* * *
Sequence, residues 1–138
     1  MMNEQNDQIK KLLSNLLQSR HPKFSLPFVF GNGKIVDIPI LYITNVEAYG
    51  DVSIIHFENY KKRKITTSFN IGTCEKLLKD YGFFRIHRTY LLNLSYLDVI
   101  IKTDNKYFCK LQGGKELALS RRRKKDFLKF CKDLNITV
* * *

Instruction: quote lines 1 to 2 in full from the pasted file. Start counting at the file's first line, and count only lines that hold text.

Sequence, residues 1–138
     1  MMNEQNDQIK KLLSNLLQSR HPKFSLPFVF GNGKIVDIPI LYITNVEAYG